In 2018, the trustees of Zion Chapel gifted the former Congregational Chapel and Sunday School Hall in Upper Settle to the North Craven Building Preservation Trust, as they had been unable to get planning permission for change to residential use and could not therefore find a buyer for the property. This then prompted us to consider ways in which both The Folly and the Zion buildings might best be used for public benefit. Since November 2019, NCBPT’s Board of Trustees have been developing strategies for the future use of the buildings in our care, with the following aims:
- To ensure the preservation of The Folly and Zion for future generations
- To make The Folly and Zion sustainable for the long term
- To generate income to enable the Trust to save other buildings at risk
- To make the whole of The Folly accessible to all members of the public
- To bring The Folly to life as a hub for local heritage and arts activity
- To find a community use for Zion Chapel and Hall
- To make a positive contribution to the local economy
The cost of implementing all of these projects is estimated to be well over £1 million and fundraising is under way.
Our first step was a project viability study to explore potential uses for the Zion Chapel and Hall, including a first round of public consultation, with support from the Architectural Heritage Fund. This included production of a detailed CAD model, an asbestos survey and examination of the roofs by a specialist structural engineer.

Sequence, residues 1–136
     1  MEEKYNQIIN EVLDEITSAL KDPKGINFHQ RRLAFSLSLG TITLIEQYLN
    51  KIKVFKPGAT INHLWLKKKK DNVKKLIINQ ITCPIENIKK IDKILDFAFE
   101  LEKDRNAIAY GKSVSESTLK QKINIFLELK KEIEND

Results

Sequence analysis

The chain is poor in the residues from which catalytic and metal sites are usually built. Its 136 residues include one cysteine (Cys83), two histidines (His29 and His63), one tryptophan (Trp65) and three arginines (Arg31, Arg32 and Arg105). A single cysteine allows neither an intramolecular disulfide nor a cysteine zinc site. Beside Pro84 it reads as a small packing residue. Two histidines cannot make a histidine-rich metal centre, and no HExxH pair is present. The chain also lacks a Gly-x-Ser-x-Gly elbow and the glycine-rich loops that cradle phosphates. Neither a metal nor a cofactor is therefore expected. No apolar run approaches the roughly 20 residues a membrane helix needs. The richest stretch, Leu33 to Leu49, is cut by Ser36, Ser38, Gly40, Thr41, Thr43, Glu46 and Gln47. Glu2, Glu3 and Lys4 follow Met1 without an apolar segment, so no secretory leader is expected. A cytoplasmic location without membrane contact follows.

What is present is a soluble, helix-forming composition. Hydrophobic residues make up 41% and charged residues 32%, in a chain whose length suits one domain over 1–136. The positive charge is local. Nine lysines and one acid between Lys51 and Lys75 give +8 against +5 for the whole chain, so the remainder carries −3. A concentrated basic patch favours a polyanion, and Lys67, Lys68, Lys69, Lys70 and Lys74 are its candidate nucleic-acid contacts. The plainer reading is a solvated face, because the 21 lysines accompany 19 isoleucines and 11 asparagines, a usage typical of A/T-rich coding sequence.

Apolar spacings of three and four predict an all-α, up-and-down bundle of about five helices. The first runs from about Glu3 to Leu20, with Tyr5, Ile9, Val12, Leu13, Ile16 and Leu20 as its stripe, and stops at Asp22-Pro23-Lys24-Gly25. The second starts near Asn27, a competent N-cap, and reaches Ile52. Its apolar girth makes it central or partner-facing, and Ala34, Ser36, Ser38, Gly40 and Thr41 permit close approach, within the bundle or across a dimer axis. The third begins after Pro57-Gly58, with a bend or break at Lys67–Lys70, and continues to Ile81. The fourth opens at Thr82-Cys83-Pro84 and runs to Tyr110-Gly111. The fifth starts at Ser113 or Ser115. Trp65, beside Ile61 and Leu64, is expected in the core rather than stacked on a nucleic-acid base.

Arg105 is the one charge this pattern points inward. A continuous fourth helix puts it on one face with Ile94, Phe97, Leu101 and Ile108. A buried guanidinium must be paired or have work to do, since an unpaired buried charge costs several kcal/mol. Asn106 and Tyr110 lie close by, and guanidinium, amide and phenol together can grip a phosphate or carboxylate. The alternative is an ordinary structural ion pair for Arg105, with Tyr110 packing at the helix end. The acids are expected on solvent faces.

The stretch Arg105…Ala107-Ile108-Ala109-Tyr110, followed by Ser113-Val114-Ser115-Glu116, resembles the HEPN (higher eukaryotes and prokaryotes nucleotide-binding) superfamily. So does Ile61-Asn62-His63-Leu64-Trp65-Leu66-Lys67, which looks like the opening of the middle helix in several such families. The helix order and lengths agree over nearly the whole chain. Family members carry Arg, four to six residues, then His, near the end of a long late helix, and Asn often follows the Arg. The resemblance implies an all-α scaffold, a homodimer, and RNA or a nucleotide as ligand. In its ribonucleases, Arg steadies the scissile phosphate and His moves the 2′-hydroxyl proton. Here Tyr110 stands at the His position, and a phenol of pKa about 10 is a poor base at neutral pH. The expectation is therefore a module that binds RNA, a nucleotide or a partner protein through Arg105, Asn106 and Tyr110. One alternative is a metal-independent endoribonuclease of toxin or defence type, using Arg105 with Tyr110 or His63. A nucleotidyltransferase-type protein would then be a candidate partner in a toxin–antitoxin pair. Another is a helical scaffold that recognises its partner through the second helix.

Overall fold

In May 2021, the Charity Commission, the regulatory body for all charities in the UK, contacted both the Zion Trustees and NCBPT regarding concerns that the correct legal procedures may not have been followed when the property was gifted to us. The former Zion Trustees believed that they had followed charity law, but the Charity Commission are requiring them to take additional steps to regularise the situation before they will allow the gift of the property to stand.
Any further development therefore depends upon obtaining the Charity Commission’s agreement that NCBPT has undisputed legal title to the site before we can begin further conservation work on the buildings, although minor repairs to the Chapel roof have been completed and the grounds are regularly maintained by our volunteers. The Trustees of both organisations are working together to resolve the Charity Commission’s concerns and resolve the legal situation, but it could take some months before this is finalised and work can start in earnest to develop the Zion Chapel site for community use.